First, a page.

Briefing Paper January 2006

This was the absolute bane of our life and now . . . . now it’s a castle in the sand.

Haytham Abu Tukiya (16 years) comments while standing
atop Netzarim settlement’s broken watchtower MEI 16/9/05

Joy because the bulldozers that had destroyed our homes and our fields to secure the settlements ended up by destroying their homes and their fields. And sorrow over the enormous sacrifice, the sheer number of martyrs, it took to reach this point.

Musa Al Ghul, mukhtar of Safiya village MEI 16/9/05

This focus of attention on Gaza has allowed Israel to continue with the construction of the Wall in Palestinian territory, the expansion of settlements and the de-Palestinization of Jerusalem with virtually no criticism.

John Dugard, UN special rapporteur to the Territories

The Israelis are trying to obstruct the elections. They don’t want reform of the Palestinian they don’t want internal stability within Palestinian politics. Israel wants to tell the world that ‘these Palestinians can’t control themselves, they kill each other, there is no law and order in Gaza, so don’t pressure us because they don’t deserve anything else.

Ali Jarbawi, Professor of Political Scince, Birzeit University Sunday Herald 2/10/05

Over the next seven days, the Israeli army not only resumed assassinations of wanted Palestinian militants ( leaving three Hamas and one Jihad man dead) , bombed civilian infrastructure in Gaza and launched massive arrest sweeps in the West Bank, for the first time since the 1967 war. it deployed heavy artillery to clear “mortar-firing” regions in Gaza and flew F-16 sorties through the sound barrier at a ration of one every two hours, spreading absolute havoc below.

Of the 415 West Bank Palestinians the Israelis arrested between 22 and 29 September, 250 were members of Hamas, most of them civilian activists, including 14 local govt. candidtates and 15 campaign managers. It also imprisoned high-profile political leaders like Hassan Yussuf in Ramallah and Ismail Hajj Ali in Nablus. All three belong to the moderate wing of the Hamas leadership and have been the driving forces behind its switch to electoral politics. (MEI 15 Oct 2005)

The resistance must be allowed to maintain its arms. But this does not mean that it is a collection of private fiefdoms which alone decides when and how to act. Resistance is a national activity that should be decided by all Palestinians through their legitimate national institutions.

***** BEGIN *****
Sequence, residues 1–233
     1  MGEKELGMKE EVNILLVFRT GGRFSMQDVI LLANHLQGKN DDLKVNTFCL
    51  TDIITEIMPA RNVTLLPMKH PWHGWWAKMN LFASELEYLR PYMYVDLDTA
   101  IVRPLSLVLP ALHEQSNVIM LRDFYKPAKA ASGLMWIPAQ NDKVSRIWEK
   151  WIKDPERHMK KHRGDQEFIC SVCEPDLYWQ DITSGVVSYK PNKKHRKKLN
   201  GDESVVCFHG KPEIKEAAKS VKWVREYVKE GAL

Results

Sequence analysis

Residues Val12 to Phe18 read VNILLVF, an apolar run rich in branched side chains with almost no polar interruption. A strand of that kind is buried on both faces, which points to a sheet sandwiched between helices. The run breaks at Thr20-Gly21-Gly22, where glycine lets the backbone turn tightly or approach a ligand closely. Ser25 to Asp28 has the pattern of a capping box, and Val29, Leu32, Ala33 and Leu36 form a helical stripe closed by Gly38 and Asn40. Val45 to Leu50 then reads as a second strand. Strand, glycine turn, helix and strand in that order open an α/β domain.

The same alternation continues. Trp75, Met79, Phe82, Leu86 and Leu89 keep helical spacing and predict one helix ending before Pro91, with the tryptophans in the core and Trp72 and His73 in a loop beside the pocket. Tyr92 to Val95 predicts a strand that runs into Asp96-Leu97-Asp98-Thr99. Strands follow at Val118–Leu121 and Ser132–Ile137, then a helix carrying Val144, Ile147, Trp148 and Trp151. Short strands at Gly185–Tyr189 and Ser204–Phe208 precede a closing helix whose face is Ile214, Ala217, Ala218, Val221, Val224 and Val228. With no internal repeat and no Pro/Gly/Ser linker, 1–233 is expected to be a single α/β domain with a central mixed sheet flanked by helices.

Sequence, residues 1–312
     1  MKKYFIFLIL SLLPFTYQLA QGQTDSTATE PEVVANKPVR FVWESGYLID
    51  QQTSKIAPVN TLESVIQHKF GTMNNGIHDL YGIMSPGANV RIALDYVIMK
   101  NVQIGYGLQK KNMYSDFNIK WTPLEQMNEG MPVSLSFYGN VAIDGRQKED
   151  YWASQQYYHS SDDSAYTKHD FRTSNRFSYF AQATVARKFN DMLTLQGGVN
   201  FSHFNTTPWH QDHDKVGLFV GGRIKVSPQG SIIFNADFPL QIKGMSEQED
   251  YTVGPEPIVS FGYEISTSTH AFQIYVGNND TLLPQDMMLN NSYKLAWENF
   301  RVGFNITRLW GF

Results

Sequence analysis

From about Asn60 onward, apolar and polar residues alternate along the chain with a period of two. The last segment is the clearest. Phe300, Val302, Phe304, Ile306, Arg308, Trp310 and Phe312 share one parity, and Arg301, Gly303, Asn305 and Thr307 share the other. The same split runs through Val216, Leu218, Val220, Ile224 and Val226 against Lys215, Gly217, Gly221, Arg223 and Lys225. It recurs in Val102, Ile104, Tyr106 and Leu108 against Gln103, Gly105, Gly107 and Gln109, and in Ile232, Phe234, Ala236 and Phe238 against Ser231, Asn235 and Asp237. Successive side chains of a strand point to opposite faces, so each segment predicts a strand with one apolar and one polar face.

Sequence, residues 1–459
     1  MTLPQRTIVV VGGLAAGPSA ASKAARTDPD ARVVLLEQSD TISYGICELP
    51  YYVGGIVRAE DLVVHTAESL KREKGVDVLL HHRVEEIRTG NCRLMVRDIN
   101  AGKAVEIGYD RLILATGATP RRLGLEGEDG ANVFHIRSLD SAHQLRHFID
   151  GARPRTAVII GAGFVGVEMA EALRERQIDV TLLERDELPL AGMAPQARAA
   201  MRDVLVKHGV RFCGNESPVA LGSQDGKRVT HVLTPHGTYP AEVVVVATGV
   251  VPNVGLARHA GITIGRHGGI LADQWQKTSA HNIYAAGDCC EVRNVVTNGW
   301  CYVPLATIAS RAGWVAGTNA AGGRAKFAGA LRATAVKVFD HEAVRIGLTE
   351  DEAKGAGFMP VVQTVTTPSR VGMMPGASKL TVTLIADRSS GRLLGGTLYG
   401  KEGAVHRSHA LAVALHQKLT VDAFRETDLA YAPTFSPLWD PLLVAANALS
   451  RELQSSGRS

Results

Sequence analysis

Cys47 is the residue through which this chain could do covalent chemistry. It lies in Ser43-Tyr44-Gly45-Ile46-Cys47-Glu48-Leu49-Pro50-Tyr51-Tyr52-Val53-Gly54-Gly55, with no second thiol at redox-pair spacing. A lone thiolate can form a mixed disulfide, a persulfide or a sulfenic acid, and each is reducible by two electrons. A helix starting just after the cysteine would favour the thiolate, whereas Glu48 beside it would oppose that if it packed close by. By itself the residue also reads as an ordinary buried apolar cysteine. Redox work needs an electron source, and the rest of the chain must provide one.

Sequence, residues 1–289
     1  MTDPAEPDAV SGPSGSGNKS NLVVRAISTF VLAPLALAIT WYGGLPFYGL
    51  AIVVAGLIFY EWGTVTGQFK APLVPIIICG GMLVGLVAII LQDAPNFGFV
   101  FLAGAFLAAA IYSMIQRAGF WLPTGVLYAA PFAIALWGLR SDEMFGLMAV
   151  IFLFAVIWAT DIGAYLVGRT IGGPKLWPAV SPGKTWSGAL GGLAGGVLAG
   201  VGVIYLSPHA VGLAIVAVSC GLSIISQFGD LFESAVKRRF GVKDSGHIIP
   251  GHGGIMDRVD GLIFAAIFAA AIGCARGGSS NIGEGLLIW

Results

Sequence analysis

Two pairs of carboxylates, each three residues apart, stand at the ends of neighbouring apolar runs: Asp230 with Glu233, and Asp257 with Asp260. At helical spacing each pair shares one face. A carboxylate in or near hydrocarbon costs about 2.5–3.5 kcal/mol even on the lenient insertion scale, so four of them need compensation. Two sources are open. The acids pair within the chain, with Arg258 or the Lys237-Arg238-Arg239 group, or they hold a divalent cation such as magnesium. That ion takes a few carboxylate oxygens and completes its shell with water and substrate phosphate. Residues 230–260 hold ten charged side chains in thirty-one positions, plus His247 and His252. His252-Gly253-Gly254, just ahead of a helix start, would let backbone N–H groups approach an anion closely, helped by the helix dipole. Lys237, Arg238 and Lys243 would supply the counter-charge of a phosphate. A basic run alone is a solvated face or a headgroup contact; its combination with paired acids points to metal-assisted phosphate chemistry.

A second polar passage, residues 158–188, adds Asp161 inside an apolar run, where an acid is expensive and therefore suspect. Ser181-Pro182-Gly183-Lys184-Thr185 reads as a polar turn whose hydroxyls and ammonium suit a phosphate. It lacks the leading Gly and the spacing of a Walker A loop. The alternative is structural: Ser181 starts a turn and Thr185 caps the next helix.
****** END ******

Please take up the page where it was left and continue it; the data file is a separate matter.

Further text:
Hani al Masri, Palestinian analyst) Middle East International 14 Oct 2005

The European union and Palestinian democracy

Teresa Küchler

The EU has become embroiled in a row over aid funding and political self-determination in Palestine, with foreign affairs chief Javier Solana attracting criticism from the political wing of Hamas. Mr Solana said over the weekend that European taxpayers would have a hard time supporting a Palestinian party that does not renounce violence and advocates Israel’s destruction.

“It would be very difficult for the help and the money that goes to the Palestinian Authority to continue to flow”, he said according to press reports.

His statements refer to the fact that Islamic resistance movement Hamas could win next month’s Palestinian election, with the group on a list of terror organisations in both the EU and US.

On Monday (19 December), the political leader of Hamas, Khalid Mashaal, dismissed Mr Solana’s threat, saying it is a “flagrant interference” in Palestine’s internal affairs, writes the Jerusalem Post. “So long as people have opted for democracy, they should respect its results and should not confiscate the right of the Palestinian people to choose [their leaders]”, Mashaal said. A spokesman for Palestinian president Mahmoud Abbas has also stated that all parties must have the right to take part or the elections would not be democratic.

Hamas emerged as the strongest party in local elections on the West Bank last week, taking control of 81 localities inhabited by 1.1 million Palestinians, including important municipalities like Jenin, Nablus and Al-Bireh. In

the meantime, president Mahmoud Abbas’ Fatah faction, which has dominated Palestinian politics for years, has split in two. Repeated accusations of corruption within the Palestinian ruling party have also made Hamas appear a more feasible alternative.

According to Israeli newspaper Haaretz, Hamas’ Mr Mashaal on Monday also reiterated that Hamas would not renew a truce with Israel when it expires at the end of the year, should it be elected. (The Palestinian elections are due at the end of January 2006.)